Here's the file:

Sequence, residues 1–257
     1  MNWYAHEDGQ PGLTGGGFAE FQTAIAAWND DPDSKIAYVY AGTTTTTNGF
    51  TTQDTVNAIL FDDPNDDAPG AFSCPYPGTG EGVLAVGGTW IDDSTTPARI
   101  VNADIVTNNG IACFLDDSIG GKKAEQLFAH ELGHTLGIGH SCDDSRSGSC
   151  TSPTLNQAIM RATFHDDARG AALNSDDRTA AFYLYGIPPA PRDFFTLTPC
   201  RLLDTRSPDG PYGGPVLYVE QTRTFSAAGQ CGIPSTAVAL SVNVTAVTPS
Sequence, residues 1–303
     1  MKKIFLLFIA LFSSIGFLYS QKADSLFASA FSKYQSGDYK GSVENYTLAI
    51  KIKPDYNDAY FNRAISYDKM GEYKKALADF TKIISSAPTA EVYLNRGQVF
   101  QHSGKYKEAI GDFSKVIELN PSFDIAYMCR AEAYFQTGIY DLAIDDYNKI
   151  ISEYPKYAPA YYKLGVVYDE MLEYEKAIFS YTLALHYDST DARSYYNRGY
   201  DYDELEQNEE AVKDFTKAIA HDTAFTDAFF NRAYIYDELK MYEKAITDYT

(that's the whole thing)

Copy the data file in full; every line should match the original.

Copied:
Sequence, residues 1–257
     1  MNWYAHEDGQ PGLTGGGFAE FQTAIAAWND DPDSKIAYVY AGTTTTTNGF
    51  TTQDTVNAIL FDDPNDDAPG AFSCPYPGTG EGVLAVGGTW IDDSTTPARI
   101  VNADIVTNNG IACFLDDSIG GKKAEQLFAH ELGHTLGIGH SCDDSRSGSC
   151  TSPTLNQAIM RATFHDDARG AALNSDDRTA AFYLYGIPPA PRDFFTLTPC
   201  RLLDTRSPDG PYGGPVLYVE QTRTFSAAGQ CGIPSTAVAL SVNVTAVTPS
Sequence, residues 1–303
     1  MKKIFLLFIA LFSSIGFLYS QKADSLFASA FSKYQSGDYK GSVENYTLAI
    51  KIKPDYNDAY FNRAISYDKM GEYKKALADF TKIISSAPTA EVYLNRGQVF
   101  QHSGKYKEAI GDFSKVIELN PSFDIAYMCR AEAYFQTGIY DLAIDDYNKI
   151  ISEYPKYAPA YYKLGVVYDE MLEYEKAIFS YTLALHYDST DARSYYNRGY
   201  DYDELEQNEE AVKDFTKAIA HDTAFTDAFF NRAYIYDELK MYEKAITDYT